In addition, the value N-f17 displayed to represent the reception frequency fr is always obtained from the values N and f17. Accordingly, it is not necessary to adjust compensation of the displayed frequency value even if the center frequency f17 of the band-pass filter 17 is shifted during the process of manufacturing the receiver circuit. At the same time, no discrepancy results in between the reception frequency fr and the displayed frequency value even if the center frequency f17 of the band-pass filter 17 deviates from the normal value due to environmental changes such as variations in temperature.

An IC 10 was prototyped and a receiver circuit was built by using the prototype of the IC 10. Experiment results indicate that discrepancies between the reception frequency fr and the displayed frequency value are in the range -500 to +500 Hz, fully satisfying the permissible values of 1 to 1.5 kHz given above.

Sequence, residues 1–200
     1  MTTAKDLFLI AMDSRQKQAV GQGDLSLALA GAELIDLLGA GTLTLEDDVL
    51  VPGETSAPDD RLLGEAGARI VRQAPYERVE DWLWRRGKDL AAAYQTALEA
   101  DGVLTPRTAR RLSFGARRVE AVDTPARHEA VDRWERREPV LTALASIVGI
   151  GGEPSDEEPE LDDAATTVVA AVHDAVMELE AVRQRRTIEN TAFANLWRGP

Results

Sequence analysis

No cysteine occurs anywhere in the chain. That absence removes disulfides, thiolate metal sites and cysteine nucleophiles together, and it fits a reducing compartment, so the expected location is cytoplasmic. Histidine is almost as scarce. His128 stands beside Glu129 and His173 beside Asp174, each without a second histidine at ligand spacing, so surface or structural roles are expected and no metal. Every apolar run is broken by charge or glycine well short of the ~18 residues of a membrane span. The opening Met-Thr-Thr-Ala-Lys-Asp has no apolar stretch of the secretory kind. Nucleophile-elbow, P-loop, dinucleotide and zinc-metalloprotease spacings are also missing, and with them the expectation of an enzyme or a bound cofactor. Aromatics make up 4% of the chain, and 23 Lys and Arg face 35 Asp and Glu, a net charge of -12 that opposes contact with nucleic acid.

A simplified typical oscillation circuit 25 is shown in FIG. 3. As shown in the figure, a positive-feedbak circuit of the differential amplifier 261 comprises capacitors C21 and C22 as well as resistors R21 and R22 to form the oscillation circuit 25.

As described earlier, the value N-f17 for use in displaying the reception frequency fr is always obtained from the frequency-division ratio N and the center frequency f17. At power-on, for example, the value f17 is obtained either at the time a station is selected or periodically based on the signal S28, and stored in a memory unit of the microcomputer 40. Likewise, the reception frequency fr can then be displayed using the stored value f17. Also in this case, it is not necessary to adjust the compensation of the displayed frequency value even if the center frequency f17 of the band-pass filter 17 deviates from the normal value during the process of manufacturing the receiver circuit. At the same time, no discrepancy results in between the reception frequency fr and the displayed frequency value even if the center frequency f17 of the band-pass filter 17 deviates from the normal value due to environmental changes such as variations in temperature.